How to Make Amends with Loved Ones

If you are in recovery from a drug or alcohol addiction and are currently working through the twelve steps, you will be aware that step 9 involves making amends with the people you have wronged. Step nine says:

Made direct amends to such people wherever possible, except when to do so would injure them or others.

It is a good idea to make amends with those who you have hurt, but for some people, this list can be quite long and so they may not know where to begin. Addiction is an illness that affects the brain and causes those who are under the influence of alcohol or drugs to say and do things they would not have done otherwise. This means that it can be quite common for addicts to say or do hurtful things, especially to the people they love. A long list of hurt people can be daunting, but it is not impossible to work your way through it.

Making a List

You have probably already made a list of those you have harmed in step 8, but it would be a good idea now to divide that list into three groups. The first group should be individuals you can make direct amends with now. The second group should be those you could make amends with at a later date, and the third group will be people that you will probably never make amends with.

Once you have your three groups, you can start with the first group and think about how you are going to begin making amends with those on the list. It is relatively easy to say that you are sorry, but it will probably be necessary for you to prove you are sorry, and this could be tougher.

Convincing Loved Ones You Are Sorry

While you were addicted, you probably made plenty of promises that you did not keep, so your loved ones will understandably find it hard to trust the things you are saying now. They will want to believe you more than anything and will be keeping everything crossed that you can follow through on your promises, but at this stage, you need to convince them that you mean what you say now.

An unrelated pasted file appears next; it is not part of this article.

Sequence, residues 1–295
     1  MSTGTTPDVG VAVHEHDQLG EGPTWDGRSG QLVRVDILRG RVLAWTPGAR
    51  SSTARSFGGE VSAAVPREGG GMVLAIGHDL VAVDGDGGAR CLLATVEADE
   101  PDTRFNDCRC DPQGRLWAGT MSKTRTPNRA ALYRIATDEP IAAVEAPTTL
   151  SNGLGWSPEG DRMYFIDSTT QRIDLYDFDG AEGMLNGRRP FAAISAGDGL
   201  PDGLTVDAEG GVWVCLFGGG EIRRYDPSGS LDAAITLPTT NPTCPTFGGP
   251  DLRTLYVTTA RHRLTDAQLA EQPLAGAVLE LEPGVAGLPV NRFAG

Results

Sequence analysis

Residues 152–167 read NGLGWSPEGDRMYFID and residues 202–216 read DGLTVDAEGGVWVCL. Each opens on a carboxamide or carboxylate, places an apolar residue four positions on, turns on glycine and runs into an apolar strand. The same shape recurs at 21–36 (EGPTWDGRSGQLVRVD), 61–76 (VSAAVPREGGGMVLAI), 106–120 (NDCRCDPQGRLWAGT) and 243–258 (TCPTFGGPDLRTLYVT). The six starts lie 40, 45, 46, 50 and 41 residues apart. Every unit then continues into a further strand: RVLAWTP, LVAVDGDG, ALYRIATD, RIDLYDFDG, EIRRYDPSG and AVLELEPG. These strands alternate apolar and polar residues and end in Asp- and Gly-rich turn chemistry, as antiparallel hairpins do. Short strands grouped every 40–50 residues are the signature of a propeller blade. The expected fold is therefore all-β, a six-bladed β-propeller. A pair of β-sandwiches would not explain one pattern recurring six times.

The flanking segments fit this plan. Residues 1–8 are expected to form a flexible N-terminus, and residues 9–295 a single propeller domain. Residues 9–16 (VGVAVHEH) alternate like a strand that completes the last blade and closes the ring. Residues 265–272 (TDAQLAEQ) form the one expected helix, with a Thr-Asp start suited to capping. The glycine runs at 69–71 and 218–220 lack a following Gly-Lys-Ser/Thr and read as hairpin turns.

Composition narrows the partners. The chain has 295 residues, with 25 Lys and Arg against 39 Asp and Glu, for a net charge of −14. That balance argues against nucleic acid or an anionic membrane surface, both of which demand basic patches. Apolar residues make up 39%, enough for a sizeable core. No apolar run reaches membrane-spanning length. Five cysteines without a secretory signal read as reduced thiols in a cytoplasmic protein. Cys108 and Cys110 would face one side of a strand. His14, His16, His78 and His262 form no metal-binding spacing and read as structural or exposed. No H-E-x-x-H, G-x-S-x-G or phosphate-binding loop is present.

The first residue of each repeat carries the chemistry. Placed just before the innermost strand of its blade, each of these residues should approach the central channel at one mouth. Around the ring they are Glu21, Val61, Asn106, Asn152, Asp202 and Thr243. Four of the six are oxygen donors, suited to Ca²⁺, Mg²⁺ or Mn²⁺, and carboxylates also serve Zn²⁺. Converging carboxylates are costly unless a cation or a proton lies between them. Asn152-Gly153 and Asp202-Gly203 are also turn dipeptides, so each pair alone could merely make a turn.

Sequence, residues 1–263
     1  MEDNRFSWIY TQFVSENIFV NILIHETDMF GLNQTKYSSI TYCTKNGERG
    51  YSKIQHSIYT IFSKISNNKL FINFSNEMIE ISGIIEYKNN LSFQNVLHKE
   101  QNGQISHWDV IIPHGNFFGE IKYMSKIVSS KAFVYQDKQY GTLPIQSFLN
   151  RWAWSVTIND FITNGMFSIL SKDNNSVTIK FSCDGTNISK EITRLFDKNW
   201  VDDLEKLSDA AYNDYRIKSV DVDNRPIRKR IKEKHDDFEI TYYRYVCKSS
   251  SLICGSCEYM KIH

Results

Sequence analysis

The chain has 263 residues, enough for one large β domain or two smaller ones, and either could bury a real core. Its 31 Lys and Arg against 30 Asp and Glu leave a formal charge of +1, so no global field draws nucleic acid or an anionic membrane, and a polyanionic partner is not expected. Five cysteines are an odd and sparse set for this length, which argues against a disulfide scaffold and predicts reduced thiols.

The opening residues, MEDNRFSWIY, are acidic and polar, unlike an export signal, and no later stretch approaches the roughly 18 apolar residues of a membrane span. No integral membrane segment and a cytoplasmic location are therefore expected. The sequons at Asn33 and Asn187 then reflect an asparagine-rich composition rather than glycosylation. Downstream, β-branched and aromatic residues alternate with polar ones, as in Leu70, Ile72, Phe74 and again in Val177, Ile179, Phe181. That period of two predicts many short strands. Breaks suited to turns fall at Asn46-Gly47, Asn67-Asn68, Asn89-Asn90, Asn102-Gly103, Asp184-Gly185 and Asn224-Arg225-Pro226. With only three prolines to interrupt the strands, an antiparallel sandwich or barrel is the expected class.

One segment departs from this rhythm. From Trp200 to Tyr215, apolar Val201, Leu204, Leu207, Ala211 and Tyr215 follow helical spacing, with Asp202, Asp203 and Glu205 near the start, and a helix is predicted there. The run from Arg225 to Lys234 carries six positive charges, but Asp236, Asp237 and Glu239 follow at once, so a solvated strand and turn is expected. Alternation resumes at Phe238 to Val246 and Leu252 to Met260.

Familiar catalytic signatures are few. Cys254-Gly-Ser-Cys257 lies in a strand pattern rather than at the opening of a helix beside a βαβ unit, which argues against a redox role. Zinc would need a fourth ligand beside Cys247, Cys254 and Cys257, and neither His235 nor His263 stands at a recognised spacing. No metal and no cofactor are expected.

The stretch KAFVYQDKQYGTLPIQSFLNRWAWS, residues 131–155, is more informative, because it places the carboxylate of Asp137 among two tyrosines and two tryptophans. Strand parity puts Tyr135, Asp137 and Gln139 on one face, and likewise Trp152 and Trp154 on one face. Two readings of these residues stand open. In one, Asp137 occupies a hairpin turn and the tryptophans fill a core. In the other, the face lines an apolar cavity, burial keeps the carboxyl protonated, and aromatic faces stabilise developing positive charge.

You can do this by continuing to make positive changes and by doing things that will show them you are serious about moving forward and living a clean, sober life. This will include taking charge of your responsibilities at home, holding down a job and spending quality time with your loved ones.

It may be the case that you borrowed or stole money from your loved ones; if this is the case, you should start paying this back. This might just be a few pounds every week or month, but you can increase it when you can afford to pay more. Even if your parents say that they do not want the money, for example, you should still make steady payments to show them that you are serious about making amends.

Being Honest

Lying and manipulating others is a major part of addiction. Those who are affected by addiction will often do or say anything if it means it will help them get whatever it is they are craving. This means that your loved ones have probably learned not to trust a word you say. So no matter how much you say that you are sorry and that you are going to change, they will find it hard to believe you.

What you can do to rectify this situation is be completely honest about everything from now on; even if it makes you uncomfortable. Do not lie to your loved ones because you are embarrassed about the truth. If you are ashamed or embarrassed, talk to your sponsor first as this may help you to put your feelings into perspective. At the end of the day, how you feel should not be an obstacle to making amends because doing so will help you to have a successful recovery.